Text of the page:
Emigration of Christians from the Holy Land began under the Ottoman Empire and increased after the 1948 war.  Today more than two-thirds of Palestinian Christians in the world live outside of Palestine, many of them in South America.  Among Arab-Americans, 75% are Christian.

As for why so many are leaving now, Prof. Isaac stated that it is because of the continuing war and occupation, and especially because of the wall (separation barrier) that Israeli forces have erected.  The people in Bethlehem today feel that they are living in a big prison.  There is economic turmoil and instability.  As we could see when we traveled through the town, the wall is destroying the economic viability of Bethlehem.  Where once there were thriving shops and restaurants, there are now boarded up buildings and a strong sense of uncertainty about the future.

Growth is radically constrained.  Only about 10% of the land around Bethlehem is available to residents for expansion.  The rest has been walled off, confiscated, and given to Jewish settlers.  Similar conditions exist in other Christian communities.  Isaac made it clear that he does not think the Israeli government is targeting Palestinian Christians because they are Christian, but because they are Arab and therefore subject to the same pressures, harassment, and constraints as are their Muslim Arab neighbors.  He urged us to read and study the Kairos document written by representatives of a number of Palestinian Christian churches and published in 2009. It takes its inspiration from the South African Kairos document of 1985 which called on Christians worldwide to support the struggle against apartheid in that country.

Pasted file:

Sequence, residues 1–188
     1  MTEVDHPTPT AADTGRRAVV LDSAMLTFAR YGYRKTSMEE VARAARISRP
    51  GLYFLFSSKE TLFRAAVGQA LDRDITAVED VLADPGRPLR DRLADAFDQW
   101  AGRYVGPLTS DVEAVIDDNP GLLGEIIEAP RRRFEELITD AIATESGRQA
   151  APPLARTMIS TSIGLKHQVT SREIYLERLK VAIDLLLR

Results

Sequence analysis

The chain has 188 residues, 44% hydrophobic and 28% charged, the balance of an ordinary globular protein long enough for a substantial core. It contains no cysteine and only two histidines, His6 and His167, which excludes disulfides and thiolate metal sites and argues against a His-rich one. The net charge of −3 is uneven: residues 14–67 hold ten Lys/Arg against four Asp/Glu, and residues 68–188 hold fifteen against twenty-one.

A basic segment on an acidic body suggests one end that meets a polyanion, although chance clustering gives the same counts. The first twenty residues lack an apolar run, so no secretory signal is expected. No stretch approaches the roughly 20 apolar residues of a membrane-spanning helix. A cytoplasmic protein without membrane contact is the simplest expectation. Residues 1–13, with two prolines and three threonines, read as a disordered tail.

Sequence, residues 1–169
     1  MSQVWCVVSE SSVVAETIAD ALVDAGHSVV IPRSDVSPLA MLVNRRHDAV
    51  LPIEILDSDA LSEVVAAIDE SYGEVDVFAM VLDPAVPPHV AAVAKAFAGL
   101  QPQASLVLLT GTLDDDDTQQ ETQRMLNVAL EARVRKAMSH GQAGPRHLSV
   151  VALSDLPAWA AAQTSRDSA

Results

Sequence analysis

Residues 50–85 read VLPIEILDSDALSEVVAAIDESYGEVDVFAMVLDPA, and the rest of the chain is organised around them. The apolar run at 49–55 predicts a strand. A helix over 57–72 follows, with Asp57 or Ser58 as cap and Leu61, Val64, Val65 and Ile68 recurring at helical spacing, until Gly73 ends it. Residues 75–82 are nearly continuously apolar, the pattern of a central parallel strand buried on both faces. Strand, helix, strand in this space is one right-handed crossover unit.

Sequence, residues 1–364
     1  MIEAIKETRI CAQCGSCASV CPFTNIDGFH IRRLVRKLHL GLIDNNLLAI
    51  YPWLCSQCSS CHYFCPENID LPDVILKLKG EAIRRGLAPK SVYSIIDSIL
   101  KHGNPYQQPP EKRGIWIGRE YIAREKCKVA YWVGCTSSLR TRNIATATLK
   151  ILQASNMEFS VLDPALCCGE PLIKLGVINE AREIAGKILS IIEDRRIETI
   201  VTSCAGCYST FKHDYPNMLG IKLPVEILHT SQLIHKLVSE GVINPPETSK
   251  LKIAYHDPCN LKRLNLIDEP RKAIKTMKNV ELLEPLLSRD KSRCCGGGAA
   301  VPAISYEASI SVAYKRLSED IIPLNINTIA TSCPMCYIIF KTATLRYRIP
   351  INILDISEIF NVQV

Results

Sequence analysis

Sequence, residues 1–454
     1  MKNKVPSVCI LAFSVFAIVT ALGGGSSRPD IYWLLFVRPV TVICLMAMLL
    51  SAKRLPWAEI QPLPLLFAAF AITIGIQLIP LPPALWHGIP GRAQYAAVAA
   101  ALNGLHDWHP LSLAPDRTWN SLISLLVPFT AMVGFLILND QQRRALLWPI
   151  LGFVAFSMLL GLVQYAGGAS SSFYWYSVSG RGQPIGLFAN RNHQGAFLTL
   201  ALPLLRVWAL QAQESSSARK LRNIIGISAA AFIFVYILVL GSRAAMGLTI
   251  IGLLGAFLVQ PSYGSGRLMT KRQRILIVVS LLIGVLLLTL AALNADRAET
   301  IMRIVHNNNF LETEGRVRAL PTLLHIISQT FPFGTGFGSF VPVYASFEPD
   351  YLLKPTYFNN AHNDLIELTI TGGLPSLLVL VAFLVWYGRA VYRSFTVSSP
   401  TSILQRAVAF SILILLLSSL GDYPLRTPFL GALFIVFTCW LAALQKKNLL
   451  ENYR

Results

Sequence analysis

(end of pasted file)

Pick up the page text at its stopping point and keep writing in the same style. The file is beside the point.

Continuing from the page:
Because the Christian community has historically enjoyed a rather high socio-economic status, many are more able to emigrate than are members of the Muslim Arab community.  Those who have chosen to stay are a very committed, determined people.  They recognize what a tragedy it would be if there were no Christians left in the land of Christ’s birth.  Most have lost all hope for change from leaders; they know that lasting change must come from the grassroots.  Through the Kairos document they describe the reality of their lives and invite Christians throughout the world to support them in their struggle for a just and equitable peace in the holy land of their birth.


  1. Salam Marian,
    I met you while giving a lecture with Rami Alchana from Thank you for taking the time to listen about our loved ones that where killed because of the conflict.I have now released my husband's website trying to get the Attorney General to look over our case & bring his KILLERS to trial.Would appreciate it if you can share his story with others & help get more signitures here: Thank you & all the best-Moira Jilani

    1. Peace, Moira,

      It was a privilege to meet you and to hear your story. I've signed the petition and forwarded your message to the others in our group. We'll be praying for a successful petition.

      Blessings, Marian